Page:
About the bovine semen testing project
Imported semen has been identified as a way that Mycoplasma bovis (M. bovis) might have entered New Zealand.
Consequently, the M. bovis Eradication Programme partners are implementing a testing project for bovine semen imported into the country before May 2022.
Imports after that date are not included because in May 2022, a new Bovine Germplasm Import Health Standard (IHS) took effect. The new IHS provides improved risk management.
Semen straws must be supplied for testing unless exempt
The Ministry for Primary Industries (MPI) issued a Notice of Direction under section 121 of the Biosecurity Act 1993 on 20 June 2023.
This notice applies to anyone who has bovine semen that was imported into New Zealand before 1 May 2022.
Under the notice, they must supply 2 straws of semen for testing from all eligible batches they hold, including semen held on behalf of clients.
There is one exception. No straws need to be supplied, if the semen has been treated with antibiotics in compliance with the Certified Semen Services (CSS) minimum requirements for disease control of semen produced for artificial insemination [PDF, 394KB]
Research has shown the CSS protocol is more effective at preventing M. bovis than other antibiotic treatments for semen. Therefore, batches of semen treated according to this protocol – including all semen exported from the USA since 1990 – do not need to be tested.
Testing of the semen straws
Semen straws will be tested by a validated polymerase chain reaction (PCR) test for the presence of M. bovis DNA. This is the same test approved for use on pre-import batches of bovine semen since May 2022, as specified in the Import Health Standard.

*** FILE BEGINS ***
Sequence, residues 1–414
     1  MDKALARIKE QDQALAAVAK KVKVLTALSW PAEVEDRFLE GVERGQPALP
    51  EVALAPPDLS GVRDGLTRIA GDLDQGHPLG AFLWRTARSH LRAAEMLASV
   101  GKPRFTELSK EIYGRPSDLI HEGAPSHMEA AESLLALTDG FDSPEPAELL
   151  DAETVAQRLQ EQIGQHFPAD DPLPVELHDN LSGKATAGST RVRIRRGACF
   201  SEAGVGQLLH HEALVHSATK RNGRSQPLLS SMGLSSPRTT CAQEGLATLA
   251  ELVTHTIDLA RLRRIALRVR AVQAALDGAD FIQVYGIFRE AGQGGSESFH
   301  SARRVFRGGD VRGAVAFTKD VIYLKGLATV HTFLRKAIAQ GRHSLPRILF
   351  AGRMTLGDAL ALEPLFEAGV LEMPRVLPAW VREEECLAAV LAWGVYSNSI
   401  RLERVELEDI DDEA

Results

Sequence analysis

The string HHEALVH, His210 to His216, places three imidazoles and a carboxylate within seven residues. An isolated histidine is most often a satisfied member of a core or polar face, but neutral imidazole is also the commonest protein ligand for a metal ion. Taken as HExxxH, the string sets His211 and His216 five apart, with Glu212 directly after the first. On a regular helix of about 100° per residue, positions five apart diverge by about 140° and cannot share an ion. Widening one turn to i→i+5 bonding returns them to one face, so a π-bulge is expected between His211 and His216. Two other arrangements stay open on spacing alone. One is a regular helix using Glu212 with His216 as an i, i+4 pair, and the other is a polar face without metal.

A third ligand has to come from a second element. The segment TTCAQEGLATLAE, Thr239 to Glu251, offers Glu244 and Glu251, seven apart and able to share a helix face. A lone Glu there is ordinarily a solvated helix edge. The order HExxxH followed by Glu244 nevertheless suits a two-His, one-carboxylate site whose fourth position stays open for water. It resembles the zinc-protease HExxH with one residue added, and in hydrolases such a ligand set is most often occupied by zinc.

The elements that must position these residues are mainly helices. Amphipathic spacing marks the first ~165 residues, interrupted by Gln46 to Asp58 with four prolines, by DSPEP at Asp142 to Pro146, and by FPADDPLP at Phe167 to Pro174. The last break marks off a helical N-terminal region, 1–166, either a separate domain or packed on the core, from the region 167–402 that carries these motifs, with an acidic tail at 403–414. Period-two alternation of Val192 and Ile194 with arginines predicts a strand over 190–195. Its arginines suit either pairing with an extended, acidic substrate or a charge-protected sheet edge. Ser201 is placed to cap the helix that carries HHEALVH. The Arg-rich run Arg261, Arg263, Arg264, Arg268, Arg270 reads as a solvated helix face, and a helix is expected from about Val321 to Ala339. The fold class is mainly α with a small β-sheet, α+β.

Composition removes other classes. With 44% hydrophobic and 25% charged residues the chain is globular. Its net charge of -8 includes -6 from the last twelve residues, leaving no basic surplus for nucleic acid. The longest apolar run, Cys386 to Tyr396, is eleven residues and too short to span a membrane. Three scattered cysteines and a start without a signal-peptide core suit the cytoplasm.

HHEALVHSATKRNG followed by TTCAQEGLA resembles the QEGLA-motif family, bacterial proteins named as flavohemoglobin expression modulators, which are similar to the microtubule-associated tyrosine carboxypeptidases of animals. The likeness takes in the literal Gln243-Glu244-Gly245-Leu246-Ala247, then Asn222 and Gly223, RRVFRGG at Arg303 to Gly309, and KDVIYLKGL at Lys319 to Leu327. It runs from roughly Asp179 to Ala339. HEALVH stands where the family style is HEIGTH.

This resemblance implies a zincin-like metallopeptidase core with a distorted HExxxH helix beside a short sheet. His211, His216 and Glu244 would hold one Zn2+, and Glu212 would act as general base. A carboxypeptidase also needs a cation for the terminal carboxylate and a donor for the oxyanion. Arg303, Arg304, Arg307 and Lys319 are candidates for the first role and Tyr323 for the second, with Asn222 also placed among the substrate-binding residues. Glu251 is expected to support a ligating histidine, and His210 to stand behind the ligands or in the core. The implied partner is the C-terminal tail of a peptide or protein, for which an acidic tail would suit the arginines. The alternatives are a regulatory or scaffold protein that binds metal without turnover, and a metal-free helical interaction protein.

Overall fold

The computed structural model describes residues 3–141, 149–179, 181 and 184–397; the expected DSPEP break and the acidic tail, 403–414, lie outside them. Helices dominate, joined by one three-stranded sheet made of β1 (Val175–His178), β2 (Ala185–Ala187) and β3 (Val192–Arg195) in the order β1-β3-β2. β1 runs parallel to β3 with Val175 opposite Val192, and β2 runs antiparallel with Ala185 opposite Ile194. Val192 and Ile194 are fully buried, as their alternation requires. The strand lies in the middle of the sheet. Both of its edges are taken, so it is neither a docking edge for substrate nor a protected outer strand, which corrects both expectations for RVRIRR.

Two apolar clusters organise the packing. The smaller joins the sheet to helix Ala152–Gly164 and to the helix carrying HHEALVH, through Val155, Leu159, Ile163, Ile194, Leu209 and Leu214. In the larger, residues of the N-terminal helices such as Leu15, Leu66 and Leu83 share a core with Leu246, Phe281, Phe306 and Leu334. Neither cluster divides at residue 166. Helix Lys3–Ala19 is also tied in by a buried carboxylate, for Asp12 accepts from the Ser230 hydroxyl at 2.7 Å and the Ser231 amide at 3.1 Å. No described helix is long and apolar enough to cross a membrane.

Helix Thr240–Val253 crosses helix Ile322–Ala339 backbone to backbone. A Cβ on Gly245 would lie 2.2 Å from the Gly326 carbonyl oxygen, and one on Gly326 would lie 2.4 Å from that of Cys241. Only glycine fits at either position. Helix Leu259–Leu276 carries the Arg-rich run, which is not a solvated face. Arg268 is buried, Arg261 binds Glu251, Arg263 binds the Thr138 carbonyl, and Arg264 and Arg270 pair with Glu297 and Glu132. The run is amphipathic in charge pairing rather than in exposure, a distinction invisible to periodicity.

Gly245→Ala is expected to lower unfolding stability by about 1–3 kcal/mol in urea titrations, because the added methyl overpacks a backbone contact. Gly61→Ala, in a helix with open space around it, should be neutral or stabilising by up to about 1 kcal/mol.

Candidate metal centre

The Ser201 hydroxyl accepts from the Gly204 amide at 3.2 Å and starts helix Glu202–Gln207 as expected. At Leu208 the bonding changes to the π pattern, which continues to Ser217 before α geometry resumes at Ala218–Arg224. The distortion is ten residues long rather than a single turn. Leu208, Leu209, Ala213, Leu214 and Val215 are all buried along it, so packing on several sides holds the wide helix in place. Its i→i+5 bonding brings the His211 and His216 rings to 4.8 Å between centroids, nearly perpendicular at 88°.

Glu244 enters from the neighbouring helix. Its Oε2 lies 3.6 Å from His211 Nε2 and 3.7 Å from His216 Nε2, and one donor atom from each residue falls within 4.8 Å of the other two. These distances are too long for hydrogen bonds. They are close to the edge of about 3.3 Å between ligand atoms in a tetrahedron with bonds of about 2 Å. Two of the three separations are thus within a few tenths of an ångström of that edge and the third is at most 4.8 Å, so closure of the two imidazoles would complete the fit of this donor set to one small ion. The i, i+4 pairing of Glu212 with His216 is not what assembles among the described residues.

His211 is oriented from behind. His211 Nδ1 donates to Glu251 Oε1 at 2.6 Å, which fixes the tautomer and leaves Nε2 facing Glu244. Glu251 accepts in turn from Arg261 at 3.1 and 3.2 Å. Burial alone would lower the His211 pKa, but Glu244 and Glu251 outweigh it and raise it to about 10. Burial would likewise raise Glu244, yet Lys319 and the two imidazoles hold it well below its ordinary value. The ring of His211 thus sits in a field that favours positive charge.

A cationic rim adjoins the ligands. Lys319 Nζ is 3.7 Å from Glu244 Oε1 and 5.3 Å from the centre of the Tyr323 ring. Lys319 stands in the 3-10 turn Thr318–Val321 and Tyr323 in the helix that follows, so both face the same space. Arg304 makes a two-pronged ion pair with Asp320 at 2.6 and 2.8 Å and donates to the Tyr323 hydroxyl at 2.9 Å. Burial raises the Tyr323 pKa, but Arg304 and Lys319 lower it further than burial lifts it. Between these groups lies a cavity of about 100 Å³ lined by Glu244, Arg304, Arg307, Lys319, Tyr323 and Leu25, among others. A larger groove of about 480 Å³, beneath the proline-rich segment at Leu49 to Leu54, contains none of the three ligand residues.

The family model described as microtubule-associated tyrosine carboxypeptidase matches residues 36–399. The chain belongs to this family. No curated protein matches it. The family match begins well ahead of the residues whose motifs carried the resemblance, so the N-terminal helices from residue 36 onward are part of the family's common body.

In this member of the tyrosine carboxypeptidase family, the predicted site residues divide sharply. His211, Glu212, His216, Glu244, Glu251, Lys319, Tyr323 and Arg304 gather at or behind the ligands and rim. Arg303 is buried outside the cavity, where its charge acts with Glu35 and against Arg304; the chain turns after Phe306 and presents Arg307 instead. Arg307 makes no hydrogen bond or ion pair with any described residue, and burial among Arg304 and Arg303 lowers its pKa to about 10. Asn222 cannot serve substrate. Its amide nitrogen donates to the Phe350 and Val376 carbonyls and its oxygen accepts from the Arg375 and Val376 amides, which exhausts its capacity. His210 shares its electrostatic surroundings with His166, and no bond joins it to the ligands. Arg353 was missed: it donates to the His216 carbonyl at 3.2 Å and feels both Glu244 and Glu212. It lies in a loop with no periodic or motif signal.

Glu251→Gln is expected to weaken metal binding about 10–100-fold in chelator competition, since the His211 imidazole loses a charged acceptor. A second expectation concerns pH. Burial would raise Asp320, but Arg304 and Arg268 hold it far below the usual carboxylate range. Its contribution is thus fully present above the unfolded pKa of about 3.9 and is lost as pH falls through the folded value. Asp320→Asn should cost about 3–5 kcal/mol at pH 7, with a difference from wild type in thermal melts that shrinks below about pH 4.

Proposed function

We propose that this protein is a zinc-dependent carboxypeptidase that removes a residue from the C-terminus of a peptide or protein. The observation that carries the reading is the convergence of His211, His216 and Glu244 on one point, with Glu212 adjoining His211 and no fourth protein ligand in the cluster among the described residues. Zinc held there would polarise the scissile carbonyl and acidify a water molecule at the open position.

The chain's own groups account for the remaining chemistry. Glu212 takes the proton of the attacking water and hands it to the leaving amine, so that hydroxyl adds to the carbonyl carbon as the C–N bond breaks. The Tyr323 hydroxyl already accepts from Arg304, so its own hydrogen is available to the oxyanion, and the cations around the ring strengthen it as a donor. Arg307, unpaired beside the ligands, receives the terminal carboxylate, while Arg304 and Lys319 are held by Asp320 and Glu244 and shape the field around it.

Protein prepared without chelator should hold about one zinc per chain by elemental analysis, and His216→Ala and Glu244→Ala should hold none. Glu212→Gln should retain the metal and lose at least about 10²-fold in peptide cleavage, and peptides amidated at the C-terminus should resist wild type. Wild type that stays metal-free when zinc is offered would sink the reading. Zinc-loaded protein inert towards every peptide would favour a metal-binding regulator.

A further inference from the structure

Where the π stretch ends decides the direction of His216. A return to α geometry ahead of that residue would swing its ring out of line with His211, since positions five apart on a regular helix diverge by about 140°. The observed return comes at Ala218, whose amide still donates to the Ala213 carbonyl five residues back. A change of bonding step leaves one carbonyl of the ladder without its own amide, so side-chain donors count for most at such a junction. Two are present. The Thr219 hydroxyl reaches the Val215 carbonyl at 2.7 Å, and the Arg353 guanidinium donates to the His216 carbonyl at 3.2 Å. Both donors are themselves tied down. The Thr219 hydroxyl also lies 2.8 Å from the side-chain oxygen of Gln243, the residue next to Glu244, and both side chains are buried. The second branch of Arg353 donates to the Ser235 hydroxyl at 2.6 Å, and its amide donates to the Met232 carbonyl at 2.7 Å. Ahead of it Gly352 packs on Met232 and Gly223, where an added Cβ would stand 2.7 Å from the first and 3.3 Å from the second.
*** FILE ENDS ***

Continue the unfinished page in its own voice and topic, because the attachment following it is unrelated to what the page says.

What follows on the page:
Semen importers are communicating with their clients and coordinating the testing process with the MPI-contracted laboratory. Farmers with eligible imported semen in storage will be required by June 2024 to either:
- approve the submission of straws for PCR testing, or
- opt to destroy unused straws.
Why we are testing imported bovine semen
In September 2022, a farm was confirmed to be infected with a new strain of M. bovis that had not previously been found in New Zealand.
MPI believes semen was the most likely infection pathway, as other pathways were ruled out early into the investigation.
Cattle on this farm were inseminated with batches of semen that – while compliant with the IHS in force at the time of importation – did not meet the current IHS and were not treated using the CSS protocol. Although no live M. bovis bacteria could be cultured from the remaining straws of the batches used, molecular genetics indicate that the DNA from the straws is consistent with the strain of M. bovis recovered from the cattle.
Government and industry have invested heavily in the effort to eradicate M. bovis from New Zealand. More than $600 million has been spent, and 280 farms across the country have had to cull their herds. Some farmers have lost generations of genetics and are now in the process of rebuilding their herds. At this end stage in the eradication journey, it is important any remaining areas of risk are addressed.
New Zealand has been importing bovine semen for decades and MPI assesses the M. bovis introduction risk of imported bovine semen as low due to required antibiotic treatments. With the strengthened IHS in place, the risk is now even lower. However, low risk is not the same as zero risk.
A significant amount of semen imported prior to the IHS change is still available for use. This has prompted the M. bovis Eradication Programme to apply the same, or similar, level of assurance provided by the new IHS to all imported semen in New Zealand.
You can apply for compensation
Compensation can be claimed for losses (for example, the value of the straws used for testing) caused by the exercise of the Biosecurity Act powers.
If you have any questions about compensation for the value of the tested straws, email CompensationCoordinator@mpi.govt.nz
Who to contact
For more information or questions about the M. bovis imported bovine semen project, email GermplasmImporters@mpi.govt.nz